-v /HDD/path/to/data/:/lofardata peijin/lofarsun \
    /bin/bash -c "jupyter-lab --notebook-dir=/lofardata \
    --ip='*' --port=8899 --no-browser --allow-root"

This command will start a jupyter lab server in the docker container, also mount the directory ‘/HDD/path/to/data/’ to ‘/lofardata’

lofarSun.IM.get_peak_beam_from_psf(fname, thresh=0.618)

Get the peak beam from a fits file


The imaging data processing pipeline based on LINC .


The tool is packaged as a singularity container, no need to install and configure the dependencies and software.

To pull the container:

singularity pull docker://peijin94/lincsun:latest

To run the container as a shell:

singularity -B /my/data:/my/data shell lincsun_latest.sif

Prepare data and src

Data can be downloaded from LTA here.

Assuming the data is stored in the directory ‘/path/to/data’, with all MS files in the subdirectory ‘MS’.

The data processing directory is ‘/path/to/proc’.

Download the source code:

cd /path/to/proc
git clone
cp -r ./LOFAR-Sun-tools/utils/IM/LINC ./

Calibration overview

The workflows and steps of the data procedure is described in CWL files, can be found in the directory ‘LINC/lincSun’

We need to prepare a json file to describe the data and the parameters for the data processing.

For example:

   "msin": [
            "class": "Directory",
            "path": "/path/to/data/MS/Data001.MS"
            "class": "Directory",
            "path": "/path/to/data/MS/Data001.MS"
   "ATeam_skymodel": {
      "class": "File",
      "path": "/path/to/somewhere/else/A-Team_lowres.skymodel"
   "refant": "CS002LBA"

This example json file tells the workflow to process Data001.MS and Data002.MS, with the A-Team skymodel and the reference antenna CS002LBA.

Then we can run the workflow with cwltool command inside the container “LINC”, for example:

singularity exec -B /path/to/data/ /path/to/contianer/linc_latest.sif \
   cwltool --outdir /path/to/proc/save /path/to/proc/LincSun/workflow/calibrator_sun.cwl \

There are two steps in the workflow: gaincal and applycal, both are done with above way.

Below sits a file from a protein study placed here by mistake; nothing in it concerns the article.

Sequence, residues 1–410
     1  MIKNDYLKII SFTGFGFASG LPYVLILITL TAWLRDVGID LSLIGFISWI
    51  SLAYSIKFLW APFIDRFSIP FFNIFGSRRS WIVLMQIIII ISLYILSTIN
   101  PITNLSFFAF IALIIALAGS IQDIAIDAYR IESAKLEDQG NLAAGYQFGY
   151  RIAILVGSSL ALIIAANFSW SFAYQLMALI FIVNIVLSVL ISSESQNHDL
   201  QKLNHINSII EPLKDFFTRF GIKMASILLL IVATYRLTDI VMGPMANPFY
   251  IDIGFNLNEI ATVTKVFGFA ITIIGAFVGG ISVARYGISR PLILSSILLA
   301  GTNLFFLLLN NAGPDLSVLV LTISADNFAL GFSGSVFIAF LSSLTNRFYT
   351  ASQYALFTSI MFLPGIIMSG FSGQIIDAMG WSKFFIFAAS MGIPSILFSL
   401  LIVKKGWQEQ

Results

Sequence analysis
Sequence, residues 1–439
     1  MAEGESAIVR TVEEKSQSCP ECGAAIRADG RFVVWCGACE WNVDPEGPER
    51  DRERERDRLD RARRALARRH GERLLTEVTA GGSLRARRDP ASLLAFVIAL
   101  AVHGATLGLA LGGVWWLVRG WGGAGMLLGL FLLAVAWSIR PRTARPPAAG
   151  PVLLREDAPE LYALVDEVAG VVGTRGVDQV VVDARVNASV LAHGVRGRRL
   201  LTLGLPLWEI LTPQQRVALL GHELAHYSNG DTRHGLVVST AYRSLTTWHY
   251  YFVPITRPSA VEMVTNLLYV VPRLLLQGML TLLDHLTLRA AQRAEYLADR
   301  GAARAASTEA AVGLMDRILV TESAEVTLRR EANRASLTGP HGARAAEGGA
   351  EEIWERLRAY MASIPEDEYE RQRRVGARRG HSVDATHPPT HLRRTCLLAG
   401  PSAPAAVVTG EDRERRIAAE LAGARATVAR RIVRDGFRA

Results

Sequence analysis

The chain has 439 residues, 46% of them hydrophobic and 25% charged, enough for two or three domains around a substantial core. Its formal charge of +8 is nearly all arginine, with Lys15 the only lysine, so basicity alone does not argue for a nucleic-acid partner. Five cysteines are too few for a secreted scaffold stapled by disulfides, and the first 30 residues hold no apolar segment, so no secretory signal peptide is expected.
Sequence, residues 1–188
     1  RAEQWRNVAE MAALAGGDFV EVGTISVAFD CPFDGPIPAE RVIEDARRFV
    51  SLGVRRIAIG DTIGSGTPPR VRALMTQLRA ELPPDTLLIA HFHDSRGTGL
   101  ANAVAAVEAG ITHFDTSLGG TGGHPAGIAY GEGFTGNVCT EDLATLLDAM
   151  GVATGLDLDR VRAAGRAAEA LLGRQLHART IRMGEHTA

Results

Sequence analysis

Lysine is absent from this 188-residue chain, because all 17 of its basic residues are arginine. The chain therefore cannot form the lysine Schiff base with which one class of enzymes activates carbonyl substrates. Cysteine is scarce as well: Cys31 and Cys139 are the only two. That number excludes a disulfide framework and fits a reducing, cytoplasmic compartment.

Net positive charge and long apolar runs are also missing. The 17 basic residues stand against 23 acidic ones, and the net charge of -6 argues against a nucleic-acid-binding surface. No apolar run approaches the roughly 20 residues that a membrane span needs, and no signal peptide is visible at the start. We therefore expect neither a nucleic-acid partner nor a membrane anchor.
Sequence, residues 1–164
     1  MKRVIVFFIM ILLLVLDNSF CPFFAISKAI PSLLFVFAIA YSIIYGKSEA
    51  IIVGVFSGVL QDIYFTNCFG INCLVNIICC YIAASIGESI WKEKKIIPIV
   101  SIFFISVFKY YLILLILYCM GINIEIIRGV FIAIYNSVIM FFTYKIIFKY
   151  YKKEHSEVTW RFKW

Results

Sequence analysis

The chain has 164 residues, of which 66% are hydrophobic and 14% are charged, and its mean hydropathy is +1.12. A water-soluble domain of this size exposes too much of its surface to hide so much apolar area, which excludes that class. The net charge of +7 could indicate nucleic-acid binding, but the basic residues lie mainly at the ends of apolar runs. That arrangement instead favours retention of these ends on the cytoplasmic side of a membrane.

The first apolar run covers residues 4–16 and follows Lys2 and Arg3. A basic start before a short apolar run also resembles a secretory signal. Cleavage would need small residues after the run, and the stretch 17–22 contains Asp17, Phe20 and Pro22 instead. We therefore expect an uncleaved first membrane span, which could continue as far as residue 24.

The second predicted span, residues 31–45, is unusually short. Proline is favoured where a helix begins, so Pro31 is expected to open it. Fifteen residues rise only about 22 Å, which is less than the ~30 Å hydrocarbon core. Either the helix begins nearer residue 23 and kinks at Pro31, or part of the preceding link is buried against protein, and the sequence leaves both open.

The directory or file list of the calibrator or target could be very long when there are many subbands, we can use the script ‘’ to create the list of files.


  • collect the data for the calibrator files (measurement set files xxx.MS), could be done with the script ‘’

  • prepare the script to run the cwl workflow, for example:

#SBATCH --ntasks=1
#SBATCH --cpus-per-task=20
#SBATCH --account=xxxxxxxxxx
#SBATCH --mem=128G
#SBATCH --partition=xxxxxxxxxxxxxxxxxxx
#SBATCH --time=23:59:00
#SBATCH --mail-user=xxxxxxxxxxxxxxxxxxxxxxxx

export SINGULARITY_TMPDIR=$mytmpdir
export TMPDIR=$mytmpdir
export TEMP=$mytmpdir
export TMP=$mytmpdir

singularity exec -B /path/to/data -B $PWD $procDir/linc_latest.sif \
      cwltool  --no-container --basedir $procDir \
      --outdir $procDir/results/ --log-dir $procDir/logs/ \
      --tmpdir-prefix $mytmpdir \
      $procDir/lincSun/workflow/calibrator_sun.cwl $procDir/calibLBA.json

The first a few lines of ‘#SBATCH’ is for HPC users, ignore if you are running on local machine or single node.

This will create inspection plots for all antennas.

Please check the phase and amplitude solutions for each antenna.

If there is very bad antenna, we need to do one more extra step to flag out the corrupted antenna.

Successful run will yield a solution.h5 file in the results directory


Apply the solution file to the target MS